1. What essential question does one still need to ask in order to help make the diagnosis?
2. What is the tentative diagnosis?
3. Can you list at least three differential diagnoses?
4. What features of this condition differentiate it from other conditions in your differential diagnosis?
5. What is the suitable treatment for this condition?
Treating A Patient With Multiple, Pruritic Open Lesions On Both Feet
- Volume 20 - Issue 6 - June 2007
- 9298 reads
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A 32-year-old female presents to the clinic with a chief complaint of multiple pruritic lesions on the tops of both feet. The lesions have been present for several months and appear to be increasing in number and size. The patient has not seen any other physician for this problem and she has not been putting any medications on the condition.
The patient reports the lesions start as very small red bumps and itch a great deal. After scratching the bumps, she says the lesions get bigger and new itchy bumps occur around the area in a few days or so. The condition is so bad at this time that she cannot wear closed shoes, go to work or take care of her family. After further questioning, the patient stated that prior to the current skin condition, she had no known exposure to any chemicals, paints, toxins, irritants or other potential allergens. She also notes she is not taking any medication, vitamins or supplements. The patient also has no known allergies to any medications or environmental agents. No one else in her household or within her family has any similar skin conditions.
What Does The Physical Examination Reveal?
The physical examination revealed a large number of scratches, excoriations and open areas with surrounding erythema on the dorsum of both feet. Some of the lesions appeared new and some looked much older. There were no primary lesions anywhere else on the feet or lower legs. There were no other rashes, skin changes or edema. At the time of the visit, the lesions were symptomatic and the patient was reporting pruritus as the main complaint.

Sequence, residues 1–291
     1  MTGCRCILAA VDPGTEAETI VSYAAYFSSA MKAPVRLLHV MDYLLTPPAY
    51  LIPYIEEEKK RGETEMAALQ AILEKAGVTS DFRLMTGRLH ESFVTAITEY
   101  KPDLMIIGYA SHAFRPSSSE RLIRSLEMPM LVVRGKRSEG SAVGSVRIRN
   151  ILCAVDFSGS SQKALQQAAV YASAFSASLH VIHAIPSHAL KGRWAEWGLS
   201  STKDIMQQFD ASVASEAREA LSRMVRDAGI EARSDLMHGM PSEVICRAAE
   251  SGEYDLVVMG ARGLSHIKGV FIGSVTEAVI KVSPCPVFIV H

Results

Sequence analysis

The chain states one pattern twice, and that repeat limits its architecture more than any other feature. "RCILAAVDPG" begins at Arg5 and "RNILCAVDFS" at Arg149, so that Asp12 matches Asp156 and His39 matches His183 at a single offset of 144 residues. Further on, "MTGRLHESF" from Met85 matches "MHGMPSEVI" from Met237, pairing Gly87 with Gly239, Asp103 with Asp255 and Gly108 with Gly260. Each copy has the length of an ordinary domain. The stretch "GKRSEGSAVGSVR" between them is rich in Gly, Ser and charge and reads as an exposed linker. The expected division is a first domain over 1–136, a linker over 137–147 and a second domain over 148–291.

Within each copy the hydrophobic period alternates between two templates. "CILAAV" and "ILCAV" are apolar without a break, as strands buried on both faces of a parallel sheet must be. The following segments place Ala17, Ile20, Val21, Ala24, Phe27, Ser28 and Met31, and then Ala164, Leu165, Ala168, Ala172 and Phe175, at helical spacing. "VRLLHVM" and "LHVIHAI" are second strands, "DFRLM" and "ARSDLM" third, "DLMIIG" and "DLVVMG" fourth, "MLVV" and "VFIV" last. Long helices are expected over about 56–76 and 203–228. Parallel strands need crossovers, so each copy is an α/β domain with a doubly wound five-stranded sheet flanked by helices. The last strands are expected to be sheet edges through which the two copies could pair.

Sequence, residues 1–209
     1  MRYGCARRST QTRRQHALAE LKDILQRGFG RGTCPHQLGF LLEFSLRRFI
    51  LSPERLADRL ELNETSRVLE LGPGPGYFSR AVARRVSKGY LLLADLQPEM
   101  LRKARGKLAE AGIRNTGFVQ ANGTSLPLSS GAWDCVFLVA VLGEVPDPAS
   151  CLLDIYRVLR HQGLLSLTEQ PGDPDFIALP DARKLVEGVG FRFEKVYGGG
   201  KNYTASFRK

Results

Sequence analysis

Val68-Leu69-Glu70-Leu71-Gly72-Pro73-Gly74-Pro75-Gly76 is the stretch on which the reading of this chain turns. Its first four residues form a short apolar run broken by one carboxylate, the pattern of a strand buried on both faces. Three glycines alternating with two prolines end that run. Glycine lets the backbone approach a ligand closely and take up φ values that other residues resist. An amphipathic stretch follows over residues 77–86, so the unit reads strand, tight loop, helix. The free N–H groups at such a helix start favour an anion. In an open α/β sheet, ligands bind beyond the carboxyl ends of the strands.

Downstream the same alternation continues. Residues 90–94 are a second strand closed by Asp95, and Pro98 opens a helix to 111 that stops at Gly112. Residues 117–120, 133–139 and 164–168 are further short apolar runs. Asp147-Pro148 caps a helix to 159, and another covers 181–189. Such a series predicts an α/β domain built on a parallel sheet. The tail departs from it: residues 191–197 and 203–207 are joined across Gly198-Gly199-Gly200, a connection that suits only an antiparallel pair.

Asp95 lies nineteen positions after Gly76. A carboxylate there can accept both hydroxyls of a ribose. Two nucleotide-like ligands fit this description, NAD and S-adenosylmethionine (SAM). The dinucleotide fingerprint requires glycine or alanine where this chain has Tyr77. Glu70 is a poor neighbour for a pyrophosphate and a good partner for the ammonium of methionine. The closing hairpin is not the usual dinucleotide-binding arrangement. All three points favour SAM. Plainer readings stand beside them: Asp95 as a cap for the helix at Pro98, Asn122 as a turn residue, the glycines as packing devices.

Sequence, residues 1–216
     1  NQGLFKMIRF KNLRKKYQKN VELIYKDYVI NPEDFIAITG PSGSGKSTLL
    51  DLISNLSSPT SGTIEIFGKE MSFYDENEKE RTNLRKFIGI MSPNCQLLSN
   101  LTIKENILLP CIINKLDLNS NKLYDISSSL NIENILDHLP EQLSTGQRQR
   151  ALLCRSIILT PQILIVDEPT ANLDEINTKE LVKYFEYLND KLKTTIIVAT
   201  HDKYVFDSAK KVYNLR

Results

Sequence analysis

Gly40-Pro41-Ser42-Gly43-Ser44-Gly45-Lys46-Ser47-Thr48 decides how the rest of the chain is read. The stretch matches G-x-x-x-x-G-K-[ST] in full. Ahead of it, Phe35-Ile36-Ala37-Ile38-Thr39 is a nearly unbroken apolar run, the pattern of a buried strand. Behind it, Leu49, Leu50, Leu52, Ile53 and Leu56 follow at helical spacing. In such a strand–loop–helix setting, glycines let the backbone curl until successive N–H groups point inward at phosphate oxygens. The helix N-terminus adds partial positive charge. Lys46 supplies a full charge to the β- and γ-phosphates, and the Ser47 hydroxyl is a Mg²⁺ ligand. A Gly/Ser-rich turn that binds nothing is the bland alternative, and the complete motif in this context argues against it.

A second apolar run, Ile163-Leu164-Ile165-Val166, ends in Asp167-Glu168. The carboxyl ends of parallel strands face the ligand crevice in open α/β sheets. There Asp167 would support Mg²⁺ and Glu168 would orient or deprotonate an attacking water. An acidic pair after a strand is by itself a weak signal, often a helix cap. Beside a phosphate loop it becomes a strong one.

A careful examination found no other similar appearing lesions on the upper extremities, torso, head and neck region. There were no other obvious dermatological findings other than the ones noted on the initial examination. There were no other positive findings during the rest of the physical examination.
What You Should Know About Factitial Dermatitis
Factitial dermatitis (dermatitis artefacta) means self-inflicted lesions of the skin. The lesions are in sites that are readily accessible to the patient’s hands. In many cases, patient may cause deep excoriations with the fingernails but they may also be caused by sharp instruments such as knives, the application of caustic chemicals and burning, sometimes with cigarettes or matches. The most common locations are the extensor surfaces of the extremities, the tops of the feet, the face, the upper shoulders and back. The patients may or may not be aware that they caused the skin damage themselves, and they usually deny having intentionally inflicted the injury.
There are several reasons for patients to self-inflict wounds on their own bodies. Most patients with dermatitis artefacta have some underlying psychological issue that may be caused by stress, anxiety, depression or drugs. If the dermatitis is a single episode that was triggered by a particularly difficult situation (such as divorce, loss of job, death in the family), about 70 percent of all patients will stop the self-injury once the situation is resolved. However, about 30 percent of the cases of dermatitis artefacta are ongoing and recurrent, and represent a long history of psychological problems. Other issues, such as the use of street drugs, especially methamphetamine, may cause some patients to see or feel bugs on their skin (crank bug bites). They attempt to remove them by picking at them until they create open wounds or sores.
Patients with factitial dermatitis, in which the skin lesions are directly produced or inflicted by their own actions, usually present with this condition as a result or manifestation of a psychological problem. It could be a form of emotional release in situations of distress, anxiety or depression or part of an attention-seeking behavior (usually seen among younger women). In a few cases, the cause may be an underlying attempt to secure a work-related insurance claim or disability payment.